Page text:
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Discussion Starter · #1 ·
I got a 67 caprice with the stock 12 bolt rearend. I was thinking about upgrading since all I can do now is do a burner with one wheel. Was gonna get a posi but not sure on which brand or if to get used or new. Thoughts and advice on what you think I should do/get would be greatly appreciated.
 

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If I were you, I would go ahead and build the rear completely. Do it once and be done. I would get some Moser axles, a detroit tru-trac differential and some new gears. Add a bearing support diff cover and go to town! When my 8.5" rear blew up in my 98' GMC I did all this to it. Figured I didn't want to go through it again so upgraded EVERYTHING! I loved the Tru-Trac differential because it is basically a helical gear limited slip. Instead of most limited slips that use clutches (weaker), the Tru-Trac uses a gear set, almost like a real locker but it only engages when you need it. Here's what it states on their website:

"The Detroit Truetrac was the first helical gear differential ever introduced into the automotive aftermarket as an Eaton brand. It remains the leading helical gear-type limited slip differential in the industry. Detroit Truetrac's proven helical gear design eliminates the need for wearable parts, resulting in maintenance free traction recognized not only for its toughness, but its smooth and quiet operation as well.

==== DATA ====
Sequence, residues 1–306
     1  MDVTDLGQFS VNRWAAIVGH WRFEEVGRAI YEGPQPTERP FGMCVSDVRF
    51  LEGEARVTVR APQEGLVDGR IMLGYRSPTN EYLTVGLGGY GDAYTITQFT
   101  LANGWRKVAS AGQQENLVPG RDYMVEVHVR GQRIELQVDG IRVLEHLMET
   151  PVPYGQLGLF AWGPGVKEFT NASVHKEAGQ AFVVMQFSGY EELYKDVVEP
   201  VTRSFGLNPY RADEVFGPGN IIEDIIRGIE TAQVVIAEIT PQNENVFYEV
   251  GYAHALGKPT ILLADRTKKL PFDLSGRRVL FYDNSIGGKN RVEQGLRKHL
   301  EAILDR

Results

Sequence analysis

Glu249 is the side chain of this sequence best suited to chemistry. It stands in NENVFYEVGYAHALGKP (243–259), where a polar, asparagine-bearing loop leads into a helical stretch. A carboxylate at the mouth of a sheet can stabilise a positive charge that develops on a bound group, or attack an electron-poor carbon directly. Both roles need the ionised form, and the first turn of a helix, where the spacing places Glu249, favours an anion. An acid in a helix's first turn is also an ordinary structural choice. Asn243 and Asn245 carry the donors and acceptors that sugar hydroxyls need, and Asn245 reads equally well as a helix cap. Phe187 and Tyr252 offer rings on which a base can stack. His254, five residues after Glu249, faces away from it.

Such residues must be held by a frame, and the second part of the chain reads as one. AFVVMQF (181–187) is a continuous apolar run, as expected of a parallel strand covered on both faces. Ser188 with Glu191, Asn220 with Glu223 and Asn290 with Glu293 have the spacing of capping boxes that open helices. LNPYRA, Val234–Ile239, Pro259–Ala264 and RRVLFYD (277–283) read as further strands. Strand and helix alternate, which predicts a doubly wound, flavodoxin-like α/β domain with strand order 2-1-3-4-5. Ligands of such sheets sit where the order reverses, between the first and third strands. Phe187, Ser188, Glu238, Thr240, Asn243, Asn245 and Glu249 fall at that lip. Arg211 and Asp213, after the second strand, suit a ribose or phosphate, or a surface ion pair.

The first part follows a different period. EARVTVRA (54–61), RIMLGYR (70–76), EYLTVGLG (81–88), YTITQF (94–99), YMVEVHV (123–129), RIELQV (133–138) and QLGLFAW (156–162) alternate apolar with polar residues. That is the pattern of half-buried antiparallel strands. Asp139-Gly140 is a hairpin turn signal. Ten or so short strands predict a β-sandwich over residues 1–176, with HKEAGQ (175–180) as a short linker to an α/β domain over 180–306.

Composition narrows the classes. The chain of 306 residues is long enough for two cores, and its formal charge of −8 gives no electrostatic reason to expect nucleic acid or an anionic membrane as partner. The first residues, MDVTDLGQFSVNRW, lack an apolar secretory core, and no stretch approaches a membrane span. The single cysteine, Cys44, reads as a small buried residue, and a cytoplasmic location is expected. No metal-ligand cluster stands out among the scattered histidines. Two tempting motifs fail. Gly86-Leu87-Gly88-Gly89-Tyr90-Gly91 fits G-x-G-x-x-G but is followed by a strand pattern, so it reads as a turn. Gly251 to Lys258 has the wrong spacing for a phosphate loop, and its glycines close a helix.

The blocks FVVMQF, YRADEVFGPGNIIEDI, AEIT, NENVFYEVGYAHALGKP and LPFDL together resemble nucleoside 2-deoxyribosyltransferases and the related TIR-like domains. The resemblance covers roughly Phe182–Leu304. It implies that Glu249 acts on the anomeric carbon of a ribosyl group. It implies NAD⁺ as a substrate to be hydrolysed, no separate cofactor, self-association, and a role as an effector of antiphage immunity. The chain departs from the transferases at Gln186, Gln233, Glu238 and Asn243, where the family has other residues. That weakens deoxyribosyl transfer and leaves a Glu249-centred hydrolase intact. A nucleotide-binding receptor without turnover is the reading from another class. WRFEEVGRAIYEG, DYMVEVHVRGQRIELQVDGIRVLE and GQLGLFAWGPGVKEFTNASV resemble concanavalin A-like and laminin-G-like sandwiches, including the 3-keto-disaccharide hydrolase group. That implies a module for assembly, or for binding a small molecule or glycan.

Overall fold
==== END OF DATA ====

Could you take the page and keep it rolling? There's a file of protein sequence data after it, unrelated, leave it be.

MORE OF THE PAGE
Proven design, low cost and effective performance all make the Detroit Truetrac limited slip differential the ideal choice for a wide variety of vehicle applications. No maintenance - Just Traction"

I did axles, 4.56 gears, tru-trac and a Moser diff cover. I beat the hell out of the rear and it's still standing today, probably a good 20K on it. Or if you want, you can just sell me the 12 bolt :)
 

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I Personally like the Eaton unit's.They're fully rebuildable if ever needed. Yukon also has a unit out thats called Duragrip. It's a copy of the Eaton but has a Nodular case and they claim better clutch's. It's actually a little cheaper than Eaton,and it's a great unit also.
 

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prostreet6t9 said:
I Personally like the Eaton unit's.They're fully rebuildable if ever needed. Yukon also has a unit out thats called Duragrip. It's a copy of the Eaton but has a Nodular case and they claim better clutch's. It's actually a little cheaper than Eaton,and it's a great unit also.
I have all Yukon, DuraGrip, axles and gears. No problems so far.
Eaton style's a better choice than TrueTrac if much strip use is planned.
 

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Are you serious? I've seen tru-tracs on 8 second rides. A clutch type posi is better than helical gears? I've never heard that one before. The Eaton is a good unit and totally rebuildable which is cool but going for the gear unit is for durability more than ease of replacement.